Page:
The castle-town of Monemvasia comprises the housing settlements of Upper and Lower town, together with the area of Gefyra(bridge), the single access strip of land bridging the gap between the rocky isle with the coast of Laconia opposite.
The Upper and Lower towns are linked by a fortified winding pathway known as “voltes”. There was one more gateway on the northern slope of the rock which was inextricably linked to the fort of the acropolis. The Upper town was built on a sloping plateau atop the rock, which is naturally fortified and inaccessible by land, and covered a surface of approximately 30 acres. During the Byzantine period, it was the castle-town’s administrative and military center where the ruling class and the nobility resided. So far, written sources and archaeological excavations have revealed no other activities, commercial or otherwise. In the period of Ottoman rule (1715-1821) the Upper town was the part of the city reserved exclusively for Turkish officials and dignitaries. Following the establishment of the Modern Greek state under the governance of Kapodistrias, some of the extant buildings were repaired to serve as a prison and as the garrison’s quarters.
The Lower town was the castle-town’s trading center where the workshops, shops, and houses of the merchants and sailors were locates. Apart from the houses, also extant are 27 churches which, according to written sources, were parish churches, monastery katholikos, chapels and family churches. The ruins of buildings located on the southwestern side of the rock indicate that the Lower town extended beyond the fortification’s confines.
The houses were developed in two or three levels and brought wooden pitched roofs. The ground floor, everything vaulted with separate entrance, consists of a single room, often with wooden loft, which was used for storage or auxiliary purposes and at least one cistern for collective rainwater. On the floors, where the family’s daily life is evolving and were formed by trinclinos, access achieved by an external stone staircase in the courtyard. Divided into individual apartments, they had hearth-fireplace and connects directly with auxiliary outbuildings (an oven for cooking, a toilet and waste depositories). Usually they had a yard with auxiliary outbuildings. In the Upper town as reported by the Ottoman travelers\ Evliya Celebi(1688), there were 500 houses beautifully built and rich, which were rising one higher than the other with a view to the sea. The lack of natural water sources in Monemvasia dictated the creation of a highly organized water-supply system, involving the construction of cisterns for collecting rainwater. Three large public cisterns are preserved in the Upper town. These are rectangular, barrel-vaulted constructions, the walls of which are coated with hydraulic mortar to render them impervious. Rainwater was channeled from the collecting surfaces and stored inside the cisterns, from which it was drawn from wellheads formed in the vault. In additions to the public cisterns, there are private cisterns constructed at the lower level of the houses. Rainwater is stored through a system of clay ducts and it was drawn from wellheads, carved with relief decoration.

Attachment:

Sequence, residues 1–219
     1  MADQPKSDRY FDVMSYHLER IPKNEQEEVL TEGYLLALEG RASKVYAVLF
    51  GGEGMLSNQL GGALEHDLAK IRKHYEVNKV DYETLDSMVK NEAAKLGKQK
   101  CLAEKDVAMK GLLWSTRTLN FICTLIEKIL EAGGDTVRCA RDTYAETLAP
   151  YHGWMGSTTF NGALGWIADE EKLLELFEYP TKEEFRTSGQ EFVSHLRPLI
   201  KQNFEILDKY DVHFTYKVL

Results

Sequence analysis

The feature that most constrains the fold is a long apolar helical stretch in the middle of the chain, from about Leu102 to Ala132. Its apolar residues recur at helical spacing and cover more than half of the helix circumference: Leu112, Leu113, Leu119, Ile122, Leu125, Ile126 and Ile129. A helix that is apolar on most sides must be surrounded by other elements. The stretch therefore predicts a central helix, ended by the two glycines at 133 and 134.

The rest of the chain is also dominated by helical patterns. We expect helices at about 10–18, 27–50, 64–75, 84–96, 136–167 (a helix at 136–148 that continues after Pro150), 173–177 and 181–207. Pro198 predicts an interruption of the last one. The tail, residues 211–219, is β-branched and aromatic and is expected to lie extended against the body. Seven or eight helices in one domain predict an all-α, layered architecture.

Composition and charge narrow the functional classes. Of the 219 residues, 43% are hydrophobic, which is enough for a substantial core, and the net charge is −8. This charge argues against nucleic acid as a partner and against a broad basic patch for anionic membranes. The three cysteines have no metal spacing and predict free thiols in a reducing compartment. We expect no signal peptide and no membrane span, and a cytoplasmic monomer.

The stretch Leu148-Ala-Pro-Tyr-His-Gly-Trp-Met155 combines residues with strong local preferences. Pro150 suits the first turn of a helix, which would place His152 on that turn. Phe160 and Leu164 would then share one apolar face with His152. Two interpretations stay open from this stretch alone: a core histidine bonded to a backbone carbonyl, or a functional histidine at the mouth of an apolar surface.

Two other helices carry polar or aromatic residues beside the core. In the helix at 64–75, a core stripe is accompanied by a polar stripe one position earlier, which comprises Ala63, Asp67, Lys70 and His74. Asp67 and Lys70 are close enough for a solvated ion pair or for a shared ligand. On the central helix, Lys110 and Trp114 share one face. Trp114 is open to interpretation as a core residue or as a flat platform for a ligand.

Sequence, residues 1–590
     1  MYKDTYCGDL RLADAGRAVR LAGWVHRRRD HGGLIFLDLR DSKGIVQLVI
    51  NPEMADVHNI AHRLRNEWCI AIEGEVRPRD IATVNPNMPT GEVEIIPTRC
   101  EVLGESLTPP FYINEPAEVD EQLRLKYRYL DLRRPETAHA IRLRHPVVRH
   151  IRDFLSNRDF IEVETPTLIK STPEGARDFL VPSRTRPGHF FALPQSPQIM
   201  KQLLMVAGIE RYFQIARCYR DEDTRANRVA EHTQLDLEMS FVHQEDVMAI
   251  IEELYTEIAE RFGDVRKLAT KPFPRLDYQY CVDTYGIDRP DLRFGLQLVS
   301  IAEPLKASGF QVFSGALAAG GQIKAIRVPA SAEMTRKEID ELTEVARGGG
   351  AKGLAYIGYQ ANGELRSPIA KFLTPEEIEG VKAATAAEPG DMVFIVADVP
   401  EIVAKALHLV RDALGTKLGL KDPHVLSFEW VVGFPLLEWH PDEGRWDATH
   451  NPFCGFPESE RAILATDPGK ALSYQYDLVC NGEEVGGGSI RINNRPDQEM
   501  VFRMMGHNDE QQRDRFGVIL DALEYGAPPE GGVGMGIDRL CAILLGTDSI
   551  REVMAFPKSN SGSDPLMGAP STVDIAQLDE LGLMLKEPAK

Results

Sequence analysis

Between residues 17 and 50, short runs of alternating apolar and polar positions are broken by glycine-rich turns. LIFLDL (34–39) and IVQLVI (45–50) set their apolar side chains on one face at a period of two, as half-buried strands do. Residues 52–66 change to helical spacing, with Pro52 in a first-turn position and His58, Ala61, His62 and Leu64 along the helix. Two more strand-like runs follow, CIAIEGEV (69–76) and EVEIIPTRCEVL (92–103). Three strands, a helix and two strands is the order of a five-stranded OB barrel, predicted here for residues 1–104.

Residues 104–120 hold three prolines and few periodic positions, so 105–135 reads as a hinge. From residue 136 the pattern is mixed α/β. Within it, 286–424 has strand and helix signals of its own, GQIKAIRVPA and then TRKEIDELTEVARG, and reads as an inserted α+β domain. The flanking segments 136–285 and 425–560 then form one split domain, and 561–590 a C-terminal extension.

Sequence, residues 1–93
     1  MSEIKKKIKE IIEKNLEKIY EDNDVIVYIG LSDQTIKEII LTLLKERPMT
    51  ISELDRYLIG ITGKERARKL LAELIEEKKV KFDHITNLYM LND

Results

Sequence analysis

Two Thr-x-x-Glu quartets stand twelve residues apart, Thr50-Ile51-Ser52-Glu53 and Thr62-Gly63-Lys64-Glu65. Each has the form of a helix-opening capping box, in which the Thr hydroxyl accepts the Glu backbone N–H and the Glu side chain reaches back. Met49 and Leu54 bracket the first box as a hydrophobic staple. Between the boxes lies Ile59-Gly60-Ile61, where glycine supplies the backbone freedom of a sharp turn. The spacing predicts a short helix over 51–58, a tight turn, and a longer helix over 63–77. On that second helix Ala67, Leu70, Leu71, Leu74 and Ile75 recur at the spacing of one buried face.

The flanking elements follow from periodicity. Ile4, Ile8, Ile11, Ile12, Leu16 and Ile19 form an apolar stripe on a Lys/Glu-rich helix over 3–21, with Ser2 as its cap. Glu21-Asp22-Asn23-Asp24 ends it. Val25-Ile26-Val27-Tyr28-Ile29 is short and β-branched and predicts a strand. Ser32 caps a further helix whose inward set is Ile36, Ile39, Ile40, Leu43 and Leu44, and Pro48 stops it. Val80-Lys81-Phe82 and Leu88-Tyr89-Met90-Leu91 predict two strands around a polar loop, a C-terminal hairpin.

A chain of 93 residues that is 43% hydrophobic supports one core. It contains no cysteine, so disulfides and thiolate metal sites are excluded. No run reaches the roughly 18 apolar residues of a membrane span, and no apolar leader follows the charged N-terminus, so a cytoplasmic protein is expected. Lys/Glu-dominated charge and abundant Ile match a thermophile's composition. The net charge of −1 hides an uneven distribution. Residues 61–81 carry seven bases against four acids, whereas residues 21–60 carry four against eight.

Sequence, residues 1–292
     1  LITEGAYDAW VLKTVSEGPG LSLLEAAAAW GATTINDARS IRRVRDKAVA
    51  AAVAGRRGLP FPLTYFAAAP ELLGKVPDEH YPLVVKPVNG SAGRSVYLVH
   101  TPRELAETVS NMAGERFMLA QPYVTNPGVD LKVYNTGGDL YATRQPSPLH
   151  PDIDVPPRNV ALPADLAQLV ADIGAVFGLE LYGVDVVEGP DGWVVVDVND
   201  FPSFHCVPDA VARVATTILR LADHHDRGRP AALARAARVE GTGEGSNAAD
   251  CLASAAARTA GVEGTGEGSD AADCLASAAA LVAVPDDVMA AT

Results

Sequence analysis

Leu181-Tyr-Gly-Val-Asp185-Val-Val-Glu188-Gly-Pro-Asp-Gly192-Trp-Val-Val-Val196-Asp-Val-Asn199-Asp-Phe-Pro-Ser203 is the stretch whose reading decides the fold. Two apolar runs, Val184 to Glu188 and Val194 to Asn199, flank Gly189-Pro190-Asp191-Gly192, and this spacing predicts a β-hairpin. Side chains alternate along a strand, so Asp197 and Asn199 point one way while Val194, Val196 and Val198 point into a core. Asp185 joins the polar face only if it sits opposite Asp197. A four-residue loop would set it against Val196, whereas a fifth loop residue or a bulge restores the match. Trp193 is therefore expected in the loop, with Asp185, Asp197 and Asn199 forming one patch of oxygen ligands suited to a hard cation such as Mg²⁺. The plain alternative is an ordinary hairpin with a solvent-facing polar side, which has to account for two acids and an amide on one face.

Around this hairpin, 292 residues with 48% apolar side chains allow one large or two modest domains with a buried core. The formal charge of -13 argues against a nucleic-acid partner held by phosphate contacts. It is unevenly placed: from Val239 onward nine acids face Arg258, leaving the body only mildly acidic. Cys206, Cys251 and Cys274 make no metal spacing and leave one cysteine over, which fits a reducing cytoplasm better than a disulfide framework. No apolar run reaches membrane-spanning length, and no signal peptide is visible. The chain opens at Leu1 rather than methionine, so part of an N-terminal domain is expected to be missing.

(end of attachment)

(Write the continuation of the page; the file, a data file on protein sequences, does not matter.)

Circulation in the town
The Lower town preserves its main thoroughfare focus of commercial activities, and a street virtually perpendicular to it, which links the gate in the south sea wall with the Upper Town. Branching off from the central street, there is a maze of little streets, many of which have been formed as a result of later interventions. These streets are generally narrow and coble or paved with stones. Frequently, due to lack of space and the density of building, they pass under vaulted passages- dromikes or diavatika. To facilitate the traffic of pack animals and to economize space in the ground floors of buildings, beveled corners were formed. In the upper Town, basic street axes of the urban tissue connect the better-preserved monuments and make it possible to tour the greater part of the area.
Monemvasia is distinguished by a tripartite organization of its fortifications. At the highest point lies the citadel and lower down, two lines of defensive walls. The inner circumvallation supplements the natural fortification of the rock encloses the Upper town at points vulnerable to enemy attack. The outer enceinte protects the Lower Ton on three sides. The walls are topped by battlements and have eyelets for rifles and canon emplacements. At intervals along their course there are towers, sentry-posts and bastions, to ensure the most effective defense. Inside the walls lies the ambulatory, which facilitated the movement of soldiers. The first constructional phase of the fortifications is dated to Byzantine times. Innervations were made to these during the periods of Venetian and Turkish rule, in order to adapt them to the new defensive needs imposed by the use of artillery weapons. The town communicates by land and sea through gates opened in the walls. In the Lower Town four gates are preserved, while in the Upper town is the central gate, accessed via a fortified zigzag cobbled path.